Winnipeg, June 20, 2015 – Skater Cindy Klassen, who won a total of six Olympic medals in long track speed skating over her career, including five at the 2006 Games in Torino, Italy, officially announced her retirement today.
One of Canada’s most successful sports figures, the 35 year-old athlete from Winnipeg, Manitoba, won the hearts of all Canadians when she won five Olympic medals at the 2006 Olympic Winter Games: gold in the 1500m race, silver in the 1000m and the Team Pursuit event along with Christine Nesbitt, Clara Hughes, Kristina Groves and Shannon Rempel, as well as bronze in the 3000m and 5000m races.
She became the first -- and remains the only -- Canadian athlete to win five medals at a single Olympic Games. The president of the International Olympic Committee at the time, Jacques Rogge, called her the “Woman of the Games”. She was also the flag bearer for the Canadian team at the 2006 Olympic Games closing ceremonies.
She won her first-ever Olympic medal, a bronze in the 3000m, at the 2002 Olympic Games in Salt Lake City, U.S.A.. Her total of six career Olympic medals allowed her to become the most decorated Canadian Olympic athlete with her former teammate Clara Hughes. However, Klassen won all her medals in one sport while Hughes won four in long track speed skating and two in cycling.
“It’s been an incredible honour to represent Canada in speed skating for 15 years. Speed skating has been a blessing in my life. It has provided me with unbelievable experiences and has taught me many life lessons,” said Cindy Klassen.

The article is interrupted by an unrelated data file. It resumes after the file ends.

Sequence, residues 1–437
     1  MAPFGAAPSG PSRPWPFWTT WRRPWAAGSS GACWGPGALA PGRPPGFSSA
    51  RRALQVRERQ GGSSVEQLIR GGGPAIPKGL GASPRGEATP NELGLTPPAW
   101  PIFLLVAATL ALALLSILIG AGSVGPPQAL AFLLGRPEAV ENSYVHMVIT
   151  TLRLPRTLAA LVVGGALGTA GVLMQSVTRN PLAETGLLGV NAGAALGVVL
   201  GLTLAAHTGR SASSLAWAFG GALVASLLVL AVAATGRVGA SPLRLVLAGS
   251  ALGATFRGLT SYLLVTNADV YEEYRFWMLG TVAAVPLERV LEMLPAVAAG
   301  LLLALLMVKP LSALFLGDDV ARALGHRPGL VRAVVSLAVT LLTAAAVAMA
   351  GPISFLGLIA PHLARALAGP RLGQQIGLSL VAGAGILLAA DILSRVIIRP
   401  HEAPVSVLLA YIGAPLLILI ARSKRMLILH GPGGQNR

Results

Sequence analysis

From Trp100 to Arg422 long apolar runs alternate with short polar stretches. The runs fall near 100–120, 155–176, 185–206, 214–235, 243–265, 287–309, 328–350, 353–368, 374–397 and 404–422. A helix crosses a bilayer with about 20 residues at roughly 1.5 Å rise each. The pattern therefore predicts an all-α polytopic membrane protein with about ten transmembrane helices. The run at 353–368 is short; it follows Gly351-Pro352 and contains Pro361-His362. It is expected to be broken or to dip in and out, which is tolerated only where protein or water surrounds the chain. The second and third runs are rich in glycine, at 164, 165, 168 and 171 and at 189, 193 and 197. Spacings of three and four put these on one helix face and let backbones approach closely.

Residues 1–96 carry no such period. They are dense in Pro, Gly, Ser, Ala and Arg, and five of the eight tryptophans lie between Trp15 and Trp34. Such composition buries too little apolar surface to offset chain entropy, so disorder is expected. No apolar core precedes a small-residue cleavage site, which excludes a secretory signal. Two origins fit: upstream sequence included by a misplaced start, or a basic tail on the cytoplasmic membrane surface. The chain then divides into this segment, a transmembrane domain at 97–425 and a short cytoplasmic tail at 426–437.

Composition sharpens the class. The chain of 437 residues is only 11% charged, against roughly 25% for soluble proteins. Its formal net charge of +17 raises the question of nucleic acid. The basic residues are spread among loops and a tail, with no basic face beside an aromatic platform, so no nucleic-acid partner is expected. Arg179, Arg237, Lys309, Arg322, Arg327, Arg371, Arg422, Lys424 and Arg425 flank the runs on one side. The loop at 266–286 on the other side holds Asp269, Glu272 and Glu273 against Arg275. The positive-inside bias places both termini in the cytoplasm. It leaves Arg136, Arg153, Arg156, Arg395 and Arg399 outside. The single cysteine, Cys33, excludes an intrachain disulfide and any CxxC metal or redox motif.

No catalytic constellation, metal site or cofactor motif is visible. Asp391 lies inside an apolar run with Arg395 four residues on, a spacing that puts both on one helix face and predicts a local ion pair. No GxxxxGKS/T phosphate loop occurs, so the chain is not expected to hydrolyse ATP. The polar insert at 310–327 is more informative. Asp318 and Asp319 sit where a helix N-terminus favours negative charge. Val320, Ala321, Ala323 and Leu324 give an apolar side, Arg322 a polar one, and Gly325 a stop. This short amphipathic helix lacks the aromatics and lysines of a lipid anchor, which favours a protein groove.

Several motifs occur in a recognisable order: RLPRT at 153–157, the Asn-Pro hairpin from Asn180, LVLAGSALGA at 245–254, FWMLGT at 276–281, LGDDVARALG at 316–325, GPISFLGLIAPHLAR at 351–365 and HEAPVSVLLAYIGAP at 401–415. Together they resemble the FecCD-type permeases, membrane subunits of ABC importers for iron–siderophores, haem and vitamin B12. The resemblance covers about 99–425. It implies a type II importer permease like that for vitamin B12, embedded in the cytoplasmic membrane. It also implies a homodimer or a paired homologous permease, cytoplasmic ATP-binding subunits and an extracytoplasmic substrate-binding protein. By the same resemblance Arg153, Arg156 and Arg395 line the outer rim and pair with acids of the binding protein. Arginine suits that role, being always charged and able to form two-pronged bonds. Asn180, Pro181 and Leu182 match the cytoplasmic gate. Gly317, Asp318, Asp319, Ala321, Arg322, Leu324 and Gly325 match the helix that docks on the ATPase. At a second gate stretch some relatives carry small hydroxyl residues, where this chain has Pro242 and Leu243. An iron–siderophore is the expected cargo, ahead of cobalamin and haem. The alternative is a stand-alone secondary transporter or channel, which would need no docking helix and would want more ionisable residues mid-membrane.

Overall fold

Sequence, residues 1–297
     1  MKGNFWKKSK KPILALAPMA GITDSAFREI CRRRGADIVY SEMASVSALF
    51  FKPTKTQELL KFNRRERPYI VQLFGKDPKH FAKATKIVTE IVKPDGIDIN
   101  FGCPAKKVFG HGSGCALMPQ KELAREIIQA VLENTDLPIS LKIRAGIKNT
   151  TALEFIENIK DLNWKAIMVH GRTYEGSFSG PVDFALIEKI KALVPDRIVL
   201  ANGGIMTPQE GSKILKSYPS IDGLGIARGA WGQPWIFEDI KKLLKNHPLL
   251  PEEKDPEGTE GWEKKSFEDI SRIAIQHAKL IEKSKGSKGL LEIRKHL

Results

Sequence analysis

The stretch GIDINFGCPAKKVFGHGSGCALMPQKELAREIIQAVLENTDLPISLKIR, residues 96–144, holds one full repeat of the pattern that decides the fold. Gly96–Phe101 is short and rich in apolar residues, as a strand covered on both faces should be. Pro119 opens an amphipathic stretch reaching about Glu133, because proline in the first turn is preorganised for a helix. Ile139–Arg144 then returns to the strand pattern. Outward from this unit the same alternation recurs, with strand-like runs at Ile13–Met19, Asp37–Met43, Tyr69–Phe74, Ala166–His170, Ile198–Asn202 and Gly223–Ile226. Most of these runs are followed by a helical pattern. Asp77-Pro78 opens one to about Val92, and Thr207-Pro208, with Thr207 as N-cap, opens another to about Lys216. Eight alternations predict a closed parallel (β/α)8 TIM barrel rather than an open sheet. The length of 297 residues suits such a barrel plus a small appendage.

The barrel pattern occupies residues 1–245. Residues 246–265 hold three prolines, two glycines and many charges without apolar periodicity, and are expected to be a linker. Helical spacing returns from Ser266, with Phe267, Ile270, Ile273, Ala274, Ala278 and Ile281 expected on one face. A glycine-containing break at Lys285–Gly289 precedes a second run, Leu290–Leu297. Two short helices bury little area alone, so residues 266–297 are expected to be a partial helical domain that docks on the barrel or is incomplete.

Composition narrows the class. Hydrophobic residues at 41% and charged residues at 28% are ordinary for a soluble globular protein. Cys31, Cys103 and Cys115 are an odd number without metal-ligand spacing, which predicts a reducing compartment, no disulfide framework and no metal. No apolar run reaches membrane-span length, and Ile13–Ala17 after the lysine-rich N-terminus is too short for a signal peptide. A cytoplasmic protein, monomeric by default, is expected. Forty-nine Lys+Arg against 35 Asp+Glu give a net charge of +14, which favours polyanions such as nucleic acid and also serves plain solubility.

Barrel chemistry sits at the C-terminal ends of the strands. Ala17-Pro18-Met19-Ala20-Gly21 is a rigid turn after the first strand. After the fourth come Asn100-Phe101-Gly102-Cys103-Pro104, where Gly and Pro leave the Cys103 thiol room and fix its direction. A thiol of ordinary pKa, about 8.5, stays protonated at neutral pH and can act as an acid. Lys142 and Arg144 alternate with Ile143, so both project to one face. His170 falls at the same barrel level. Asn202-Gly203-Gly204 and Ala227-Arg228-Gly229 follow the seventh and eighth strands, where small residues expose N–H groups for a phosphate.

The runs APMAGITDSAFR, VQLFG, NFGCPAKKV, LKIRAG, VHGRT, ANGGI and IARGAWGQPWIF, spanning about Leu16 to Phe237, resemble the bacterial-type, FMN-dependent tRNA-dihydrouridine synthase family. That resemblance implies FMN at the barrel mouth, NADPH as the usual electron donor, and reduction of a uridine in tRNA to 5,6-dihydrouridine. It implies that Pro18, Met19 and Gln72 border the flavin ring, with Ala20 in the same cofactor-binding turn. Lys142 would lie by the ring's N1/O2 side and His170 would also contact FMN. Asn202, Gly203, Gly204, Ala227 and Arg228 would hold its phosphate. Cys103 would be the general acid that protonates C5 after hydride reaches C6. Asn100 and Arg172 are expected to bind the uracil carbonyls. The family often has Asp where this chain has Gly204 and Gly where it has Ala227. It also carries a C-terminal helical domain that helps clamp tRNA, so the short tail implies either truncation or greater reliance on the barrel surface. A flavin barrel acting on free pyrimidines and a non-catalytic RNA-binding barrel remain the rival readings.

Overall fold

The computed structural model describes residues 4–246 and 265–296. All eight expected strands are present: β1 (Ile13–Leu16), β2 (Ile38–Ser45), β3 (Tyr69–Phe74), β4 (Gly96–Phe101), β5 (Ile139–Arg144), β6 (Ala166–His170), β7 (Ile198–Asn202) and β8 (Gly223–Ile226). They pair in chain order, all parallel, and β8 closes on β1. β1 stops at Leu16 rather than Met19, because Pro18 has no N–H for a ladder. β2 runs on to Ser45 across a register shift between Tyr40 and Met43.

“However, after taking a year off to go to university and to think about my future, I have come to the decision that I’m ready to move on and leave competitive speed skating behind me. I have fulfilled my dreams and aspirations, and it is now time to move on to new challenges.”
“Congratulations to Cindy Klassen for her successful speed skating career," said Speed Skating Canada’s President Jim Allison. "She will always be remembered as one of the best athletes Canada ever had, as she is still one of the most decorated Canadian Olympic athletes. Her five medals won in Torino in 2006 will always be part of the Canadian sport history.
“On behalf of the Canadian speed skating community, thank you, Cindy, and good luck with your upcoming projects. You will always be a model, on and off the ice, in Canada and around the world, especially with your commitment to international development."
“Congratulations to Cindy on a remarkable speed skating career”, added the President of the Canadian Olympic Committee, Marcel Aubut. “You inspired our nation with your tremendous performance in Torino and have since deservedly won countless awards and accolades with records still standing to this day. It is an honour to celebrate you as one of Canada’s most decorated Olympians. On behalf of the Canadian Olympic Committee, I wish you the best in the next chapter of your life.”
Incredible 2003 and 2006 seasons
Building on the momentum of her first Olympic medal in 2002, Cindy Klassen put together in 2002-2003 one of the finest seasons by a Canadian athlete on the World Cup speed skating circuit with 13 gold medals, three silver and five bronze.
She concluded that season by winning the overall World Cup 1500m title and the overall title at the World Allround Championships, becoming the first Canadian in 27 years to be crowned champion in that latter competition. A month earlier, she finished second overall at the World Sprint Championships, despite not being considered a speed skating “sprinter”. It was the first time in 15 years that a skater won overall medals at both championships in the same year.
In 2006, following her outstanding performance at the Olympic Games, Cindy Klassen concluded her season by winning the overall title at the World Allround Championships with a golden sweep of all four distances. She was also crowned World Cup Champion for the 3000m event.
Cindy Klassen’s tremendous accomplishments that year earned her the 2006 Lou Marsh Trophy as Canadian Athlete of the Year.